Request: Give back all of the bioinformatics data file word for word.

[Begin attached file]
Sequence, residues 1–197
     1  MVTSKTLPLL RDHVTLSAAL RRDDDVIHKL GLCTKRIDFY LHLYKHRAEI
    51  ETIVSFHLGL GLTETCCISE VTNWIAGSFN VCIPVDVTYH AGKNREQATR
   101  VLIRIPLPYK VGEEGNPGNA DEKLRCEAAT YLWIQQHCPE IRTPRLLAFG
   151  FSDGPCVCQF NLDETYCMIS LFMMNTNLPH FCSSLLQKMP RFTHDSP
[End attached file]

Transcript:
Sequence, residues 1–197
     1  MVTSKTLPLL RDHVTLSAAL RRDDDVIHKL GLCTKRIDFY LHLYKHRAEI
    51  ETIVSFHLGL GLTETCCISE VTNWIAGSFN VCIPVDVTYH AGKNREQATR
   101  VLIRIPLPYK VGEEGNPGNA DEKLRCEAAT YLWIQQHCPE IRTPRLLAFG
   151  FSDGPCVCQF NLDETYCMIS LFMMNTNLPH FCSSLLQKMP RFTHDSP